If this has been an area of struggle for you, and you plan on following my suggestions above to plan your meals this week, what about the next week and the week after that and the week after that? What about holidays? When company comes over? And what about days that got away from you and a home cooked meal just won’t work?
This is where preparedness comes in… for the last three questions anyway. Holiday meals may be typical such as Turkey on Thanksgiving or something grandma always made for Christmas day. I let our children pick their own dinner and breakfast for their birthdays each year.
When you have guests coming, start keeping track of meals you enjoy serving (and meals your guests typically enjoy) and it will be that much easier next time. (Yes, the kitchen planner resource I mentioned above has a Favorite Meals page).
On those crazy days when cooking dinner means eating a 8 or 9pm this again is where preparedness comes in. In order to avoid McDonalds, etc you must prepare for the crazy days. That means having something on hand that can be put in the oven with no preparation.
Just make sure you don’t put frozen glass pans straight into a hot oven, as they will shatter. (The Homemaker’s Kitchen Planner has an Emergency Dinner page too. We really did try to make it a blessing!)
Two ideas here are, as mentioned, freezer meals and/or pre-cooked meats. A freezer meal is something you prepared days or weeks ago that just needs to be heated, such as lasagna, soup etc. A pre-cooked meat meal is where you have the meat cooked before hand (then canned or frozen) and you can throw it together when needed with pasta, rice or on top of a salad. Easy peasy and fast-food free (wink).
Getting Your Meal Planning Ducks in a Row
Now that you have the mechanics of meal planning and some solid ideas, you may want more than notebook paper to get your kitchen and meals in real order. Enter the Homemaker’s Kitchen Planner.
The Homemakers Kitchen Planner is the organize your kitchen, be prepared for guests, feed your family well, reach your goals, don’t feel frustrated at 5pm because you don’t know what’s for dinner all in one planner!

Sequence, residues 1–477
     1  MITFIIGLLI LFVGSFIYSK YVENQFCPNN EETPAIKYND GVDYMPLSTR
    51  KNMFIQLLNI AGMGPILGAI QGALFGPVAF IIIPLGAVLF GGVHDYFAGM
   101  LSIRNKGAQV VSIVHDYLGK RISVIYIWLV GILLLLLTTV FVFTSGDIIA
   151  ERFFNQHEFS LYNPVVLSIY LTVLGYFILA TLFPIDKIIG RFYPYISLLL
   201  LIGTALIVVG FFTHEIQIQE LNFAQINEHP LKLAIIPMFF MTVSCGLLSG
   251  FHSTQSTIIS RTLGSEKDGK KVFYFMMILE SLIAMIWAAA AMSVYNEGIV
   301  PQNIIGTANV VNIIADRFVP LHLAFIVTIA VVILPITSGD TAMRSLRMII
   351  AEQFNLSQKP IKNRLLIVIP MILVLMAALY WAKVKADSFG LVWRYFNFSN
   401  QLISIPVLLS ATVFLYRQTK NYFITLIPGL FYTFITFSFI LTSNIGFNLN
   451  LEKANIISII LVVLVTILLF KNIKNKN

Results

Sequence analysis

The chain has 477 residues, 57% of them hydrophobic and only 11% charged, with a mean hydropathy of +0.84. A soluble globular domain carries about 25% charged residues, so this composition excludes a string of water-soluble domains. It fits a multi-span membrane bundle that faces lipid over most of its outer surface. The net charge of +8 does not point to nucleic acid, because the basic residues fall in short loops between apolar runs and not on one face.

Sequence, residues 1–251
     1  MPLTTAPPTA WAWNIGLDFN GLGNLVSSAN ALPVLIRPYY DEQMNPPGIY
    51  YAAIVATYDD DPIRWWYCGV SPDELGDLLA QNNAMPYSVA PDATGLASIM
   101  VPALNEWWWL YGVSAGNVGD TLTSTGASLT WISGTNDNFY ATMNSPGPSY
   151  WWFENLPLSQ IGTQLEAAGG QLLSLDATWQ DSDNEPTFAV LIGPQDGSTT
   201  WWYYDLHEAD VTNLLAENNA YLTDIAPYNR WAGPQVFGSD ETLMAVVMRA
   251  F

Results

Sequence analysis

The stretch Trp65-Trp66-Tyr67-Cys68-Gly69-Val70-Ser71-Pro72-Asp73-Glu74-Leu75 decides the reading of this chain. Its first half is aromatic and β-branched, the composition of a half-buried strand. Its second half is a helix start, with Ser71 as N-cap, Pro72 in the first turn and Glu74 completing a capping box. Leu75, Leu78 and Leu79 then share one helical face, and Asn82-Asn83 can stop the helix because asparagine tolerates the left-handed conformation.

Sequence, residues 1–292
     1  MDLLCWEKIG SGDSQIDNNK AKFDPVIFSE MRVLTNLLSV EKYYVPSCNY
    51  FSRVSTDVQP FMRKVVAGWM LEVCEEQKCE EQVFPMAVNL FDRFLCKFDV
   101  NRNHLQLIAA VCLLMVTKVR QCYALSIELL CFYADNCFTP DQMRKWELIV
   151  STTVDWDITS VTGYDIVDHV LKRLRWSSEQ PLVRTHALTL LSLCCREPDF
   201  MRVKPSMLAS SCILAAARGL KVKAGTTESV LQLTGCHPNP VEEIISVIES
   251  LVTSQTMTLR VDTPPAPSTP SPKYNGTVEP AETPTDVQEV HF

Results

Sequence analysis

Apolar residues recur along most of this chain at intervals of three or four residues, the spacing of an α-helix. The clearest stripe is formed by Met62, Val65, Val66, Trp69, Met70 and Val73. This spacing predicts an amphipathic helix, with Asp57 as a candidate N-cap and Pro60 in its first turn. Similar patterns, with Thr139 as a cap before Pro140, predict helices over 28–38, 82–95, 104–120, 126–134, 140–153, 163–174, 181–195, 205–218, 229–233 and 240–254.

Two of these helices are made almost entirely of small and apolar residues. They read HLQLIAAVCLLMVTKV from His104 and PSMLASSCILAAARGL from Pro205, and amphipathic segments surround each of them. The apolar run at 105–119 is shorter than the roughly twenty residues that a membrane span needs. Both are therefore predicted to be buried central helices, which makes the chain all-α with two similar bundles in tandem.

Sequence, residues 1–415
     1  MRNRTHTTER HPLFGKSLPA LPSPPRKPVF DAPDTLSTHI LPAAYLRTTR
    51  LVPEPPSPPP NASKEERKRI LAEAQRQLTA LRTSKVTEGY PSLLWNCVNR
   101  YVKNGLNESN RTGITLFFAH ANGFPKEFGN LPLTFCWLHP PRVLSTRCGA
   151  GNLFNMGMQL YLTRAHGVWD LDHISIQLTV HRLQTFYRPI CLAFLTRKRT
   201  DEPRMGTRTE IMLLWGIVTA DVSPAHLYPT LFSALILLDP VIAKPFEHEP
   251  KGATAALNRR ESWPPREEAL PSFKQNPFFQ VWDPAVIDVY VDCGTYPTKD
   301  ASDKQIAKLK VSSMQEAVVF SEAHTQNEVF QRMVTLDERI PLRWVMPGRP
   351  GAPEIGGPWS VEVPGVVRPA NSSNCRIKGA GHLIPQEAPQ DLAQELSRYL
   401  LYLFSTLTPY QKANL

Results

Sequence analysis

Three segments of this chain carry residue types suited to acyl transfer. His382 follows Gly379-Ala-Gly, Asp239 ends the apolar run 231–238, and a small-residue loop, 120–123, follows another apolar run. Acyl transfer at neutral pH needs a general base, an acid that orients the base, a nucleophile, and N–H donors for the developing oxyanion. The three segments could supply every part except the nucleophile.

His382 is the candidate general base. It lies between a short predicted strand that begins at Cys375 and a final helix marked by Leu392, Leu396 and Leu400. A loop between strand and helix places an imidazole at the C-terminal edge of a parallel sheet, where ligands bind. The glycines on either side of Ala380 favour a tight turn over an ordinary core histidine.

Is it really that comprehensive? Yes, yes it is. Do others find it useful? Yes, yes they do!…
The planner includes kitchen organizational pages, such as pantry and freezer inventory. It includes meal planning pages such as monthly and weekly menu planning pages, dinner details and shopping lists. It includes reference pages. And pages that will help you with feeding your family healthier meals, trying new recipes, and making hospitality a bit less stressful. And… more.
Click the banner below to read the entire description and see sample pages.
You will have immediate access to the download, printable version after purchasing. Print out the pages you need as you need them to put in a 3-ring binder, or print the entire 12-month planner. The full 1-year planner is 239 pages and once you purchase, you can print a new planner out year after year!
If You’re Wondering If It’s Really Worth It
I created this planner to fill a need in my own life. The Focused Day planner I created helps with time management and keeping my days in order, but it lacked in helping out in the kitchen.
I needed something where I could keep track, long term, of favorite family meals, a place where I could keep a running shopping list (that wouldn’t fall off the fridge and get lost), a place to write down what foods we should eat more of and what we should stay away from (sugar anyone?), and a place where I could write out a monthly menu, weekly menu and a page to add details to that week’s dinners.
This is that planner. I do pray it’s a blessing to you!